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Avocados are doggone good, but are they good for canines?
Thursday, April 19th, 2007
Issue 16, Volume 11.
Both the ASPCA and APCC (Animal Poison Control Center) have listed that persin, an element in avocados, is known to be toxic to pets. They note it can damage tissue in animals, including, but not limited to, the lungs and heart. Additionally, the high fatty content in avocados can physically provoke severe stomach problems, vomiting, or even worse, pancreatitis.
A number of Fallbrook residents have avocado trees on their property and generally see their canines munch on avocados without experiencing any detrimental results. Inevitably, reading the above information can be quite startling. With that said, we contacted three pet professionals in North County to give their opinions on the subject and shed more light on the issue.
"The biggest concern is when dogs eat avocados they can sometimes consume the seed, and if it is not vomited up on their own, you have to go in and remove it out of their stomach," said Dr. Charlie Steiner, DVM, at Avocado Animal Hospital. As for persin being a major factor, Steiner really has not seen that component being a problem. His viewpoint is that an obstruction is a bigger concern than persin.
Steiner vocalized that it is best to keep dogs away from avocados because of the weight issue as well. "Many of these dogs become very obese. It can help their hair coat quality, but they become grossly obese."
On the flip side, Thom Somes, owner and operator of Pet Tech, believes in strictly following the ASPCA guidelines regarding persin in avocados, which has been known to cause gastrointestinal problems. "We stick with what they [the ASPCA] say on their Web site," he said.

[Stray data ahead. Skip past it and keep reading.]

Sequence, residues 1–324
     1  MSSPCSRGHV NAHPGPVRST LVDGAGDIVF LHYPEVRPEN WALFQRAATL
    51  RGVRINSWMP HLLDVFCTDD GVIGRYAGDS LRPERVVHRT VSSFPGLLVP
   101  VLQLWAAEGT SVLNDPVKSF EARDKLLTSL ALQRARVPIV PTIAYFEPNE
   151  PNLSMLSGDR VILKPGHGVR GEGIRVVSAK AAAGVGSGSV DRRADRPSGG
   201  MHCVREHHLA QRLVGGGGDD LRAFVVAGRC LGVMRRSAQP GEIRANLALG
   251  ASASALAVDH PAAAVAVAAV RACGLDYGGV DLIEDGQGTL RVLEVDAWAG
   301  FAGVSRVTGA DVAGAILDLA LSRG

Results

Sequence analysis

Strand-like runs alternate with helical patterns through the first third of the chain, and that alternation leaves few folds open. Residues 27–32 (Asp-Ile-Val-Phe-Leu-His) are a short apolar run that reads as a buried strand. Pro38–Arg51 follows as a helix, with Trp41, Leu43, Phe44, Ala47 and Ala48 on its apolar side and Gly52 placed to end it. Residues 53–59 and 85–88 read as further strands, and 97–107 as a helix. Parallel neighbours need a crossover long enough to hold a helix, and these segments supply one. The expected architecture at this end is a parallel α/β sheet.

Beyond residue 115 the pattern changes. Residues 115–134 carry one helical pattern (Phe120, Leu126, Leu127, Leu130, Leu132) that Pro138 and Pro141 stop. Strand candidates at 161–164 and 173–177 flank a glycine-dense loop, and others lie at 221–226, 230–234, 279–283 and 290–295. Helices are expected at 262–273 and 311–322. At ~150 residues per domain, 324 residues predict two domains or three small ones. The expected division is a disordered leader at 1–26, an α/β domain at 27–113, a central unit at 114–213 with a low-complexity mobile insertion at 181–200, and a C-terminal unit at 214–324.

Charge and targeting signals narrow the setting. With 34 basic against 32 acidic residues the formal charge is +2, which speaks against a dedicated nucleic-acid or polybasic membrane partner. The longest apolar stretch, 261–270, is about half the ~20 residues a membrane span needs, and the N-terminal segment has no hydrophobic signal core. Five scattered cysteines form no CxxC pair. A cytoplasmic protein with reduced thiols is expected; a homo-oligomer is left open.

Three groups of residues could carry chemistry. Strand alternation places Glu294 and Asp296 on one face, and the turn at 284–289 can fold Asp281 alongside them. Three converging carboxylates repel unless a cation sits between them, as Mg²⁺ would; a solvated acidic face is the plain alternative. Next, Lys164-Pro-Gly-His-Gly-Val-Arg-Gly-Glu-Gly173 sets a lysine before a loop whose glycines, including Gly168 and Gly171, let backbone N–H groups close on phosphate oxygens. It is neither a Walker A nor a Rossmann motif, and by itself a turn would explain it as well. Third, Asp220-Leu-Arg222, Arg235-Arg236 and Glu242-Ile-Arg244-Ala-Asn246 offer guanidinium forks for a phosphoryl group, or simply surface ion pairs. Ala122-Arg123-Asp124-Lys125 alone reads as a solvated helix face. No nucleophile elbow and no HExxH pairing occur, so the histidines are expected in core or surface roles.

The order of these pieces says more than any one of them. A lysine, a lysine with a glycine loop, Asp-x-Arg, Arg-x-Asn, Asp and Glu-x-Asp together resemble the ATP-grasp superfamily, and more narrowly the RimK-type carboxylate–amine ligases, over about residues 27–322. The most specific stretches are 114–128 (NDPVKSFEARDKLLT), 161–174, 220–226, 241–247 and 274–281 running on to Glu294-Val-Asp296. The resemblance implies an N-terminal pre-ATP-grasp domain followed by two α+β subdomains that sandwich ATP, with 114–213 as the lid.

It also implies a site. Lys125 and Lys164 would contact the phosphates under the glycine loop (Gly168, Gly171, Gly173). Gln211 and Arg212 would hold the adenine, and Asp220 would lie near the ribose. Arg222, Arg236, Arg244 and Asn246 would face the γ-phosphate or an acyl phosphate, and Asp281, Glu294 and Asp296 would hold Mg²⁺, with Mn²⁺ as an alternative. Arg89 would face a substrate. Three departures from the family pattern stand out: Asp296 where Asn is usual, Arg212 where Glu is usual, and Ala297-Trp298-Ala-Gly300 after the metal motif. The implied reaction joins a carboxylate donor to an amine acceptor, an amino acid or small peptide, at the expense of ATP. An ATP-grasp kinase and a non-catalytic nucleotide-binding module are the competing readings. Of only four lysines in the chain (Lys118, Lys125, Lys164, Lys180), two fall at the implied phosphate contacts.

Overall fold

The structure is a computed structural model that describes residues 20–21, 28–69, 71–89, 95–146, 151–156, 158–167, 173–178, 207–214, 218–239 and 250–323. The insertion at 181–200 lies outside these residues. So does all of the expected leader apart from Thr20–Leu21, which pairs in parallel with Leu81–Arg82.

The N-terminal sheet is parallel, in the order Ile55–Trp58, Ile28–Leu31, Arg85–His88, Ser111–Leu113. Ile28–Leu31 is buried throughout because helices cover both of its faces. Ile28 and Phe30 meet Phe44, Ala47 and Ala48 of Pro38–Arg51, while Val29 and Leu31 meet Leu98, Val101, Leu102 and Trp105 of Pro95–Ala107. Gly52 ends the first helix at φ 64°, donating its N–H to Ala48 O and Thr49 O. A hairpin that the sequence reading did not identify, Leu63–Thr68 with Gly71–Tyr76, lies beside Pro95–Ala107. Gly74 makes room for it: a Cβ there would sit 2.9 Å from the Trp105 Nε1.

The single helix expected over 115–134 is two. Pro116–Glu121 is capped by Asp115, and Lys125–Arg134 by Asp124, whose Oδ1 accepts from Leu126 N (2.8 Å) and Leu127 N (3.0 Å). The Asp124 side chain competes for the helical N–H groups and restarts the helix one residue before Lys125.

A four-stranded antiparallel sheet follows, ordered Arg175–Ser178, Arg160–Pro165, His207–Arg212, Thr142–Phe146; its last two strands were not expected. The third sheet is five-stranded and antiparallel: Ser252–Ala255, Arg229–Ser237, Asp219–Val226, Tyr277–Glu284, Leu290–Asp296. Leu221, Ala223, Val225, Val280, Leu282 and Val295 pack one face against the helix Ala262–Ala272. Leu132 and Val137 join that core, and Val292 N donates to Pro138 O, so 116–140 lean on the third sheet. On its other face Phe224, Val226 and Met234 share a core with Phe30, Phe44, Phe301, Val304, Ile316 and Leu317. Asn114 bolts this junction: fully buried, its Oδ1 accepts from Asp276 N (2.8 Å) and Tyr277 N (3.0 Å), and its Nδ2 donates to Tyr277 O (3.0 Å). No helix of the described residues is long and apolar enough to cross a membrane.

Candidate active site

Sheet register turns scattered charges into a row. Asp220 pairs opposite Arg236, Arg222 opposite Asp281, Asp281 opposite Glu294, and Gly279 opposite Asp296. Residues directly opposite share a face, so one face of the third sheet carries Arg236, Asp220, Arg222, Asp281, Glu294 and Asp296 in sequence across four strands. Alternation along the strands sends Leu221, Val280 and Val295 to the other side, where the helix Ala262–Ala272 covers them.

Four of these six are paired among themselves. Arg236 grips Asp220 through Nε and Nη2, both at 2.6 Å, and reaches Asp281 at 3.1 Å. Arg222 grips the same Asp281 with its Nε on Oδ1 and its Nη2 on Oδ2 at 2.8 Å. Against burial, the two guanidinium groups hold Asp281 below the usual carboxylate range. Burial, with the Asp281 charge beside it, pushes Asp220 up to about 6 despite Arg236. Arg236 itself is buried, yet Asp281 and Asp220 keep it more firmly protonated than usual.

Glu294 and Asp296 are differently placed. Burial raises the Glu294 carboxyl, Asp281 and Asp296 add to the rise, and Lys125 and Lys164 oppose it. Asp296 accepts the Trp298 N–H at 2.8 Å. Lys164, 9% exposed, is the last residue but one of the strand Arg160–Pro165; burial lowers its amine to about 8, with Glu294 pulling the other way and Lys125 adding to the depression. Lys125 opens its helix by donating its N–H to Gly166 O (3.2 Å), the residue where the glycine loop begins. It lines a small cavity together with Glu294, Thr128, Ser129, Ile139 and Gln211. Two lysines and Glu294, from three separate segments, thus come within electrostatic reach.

Like Steiner, Somes sees the danger posed by the avocado seed, noting that there should be a choking caution for this fruit. He has had people in his Pet First Aid Class whose dogs like to tear the fruit apart. When dogs getdown to the seed, those canine eyes see the round object as a toy.
"Lo and behold, what’s inside an avocado is a ball – this is a dog’s perception," explained Somes. He has known pet owners whose dogs have choked on avocado seeds, while others have swallowed parts of the seed, causing blockage in the intestinal tract.
"Not only is there a chemical danger with avocados as far as our cats and dogs are concerned," he said, "but the physical object itself [the seed] is a danger."
In the cases of pet owners whose dogs nibble on avocados on a regular basis with no adverse side-effects, Somes asserts that these owners are quite lucky. He explained that the reason for this could be that the toxic process of persin might be less rapid.
"There could be a low level of poisonous buildup inside the pet as they are eating avocados," he warned. "Just as a precaution, it’s still best to keep your pet away from [avocados]."
In Vista, Dr. John Abella at Aloha Animal Hospital has many four-legged patients living in avocado country.
"In our vicinity there are a lot of dogs in avocado groves, and for the most part it appears not to be clinically significant as far as toxicity," he said. "It definitely adds fat content to their diet. A lot of dogs do love them, but they do gain weight."
Abella is well aware of the known toxicities in all parts of the avocado but asserts that specialists are still unsure how the toxic element actually works and the physiology behind it.
"We really don’t know the toxic dose," he said, explaining that persin is a fatty acid derivative whose biochemical organic chemistry can cause a certain type of reaction.
Abella has surgically addressed avocado seed problems in his practice. "One thing I have definitely done is taken avocado pits out of dogs," he said. "Avocados end up being more of a foreign body issue than a toxin issue."
Although these pet professionals might have various versions in their pet health theories, they all agree that some type of warning is appropriate for avocados.
For more information regarding avocados and pets, log on to www.aspca.org.
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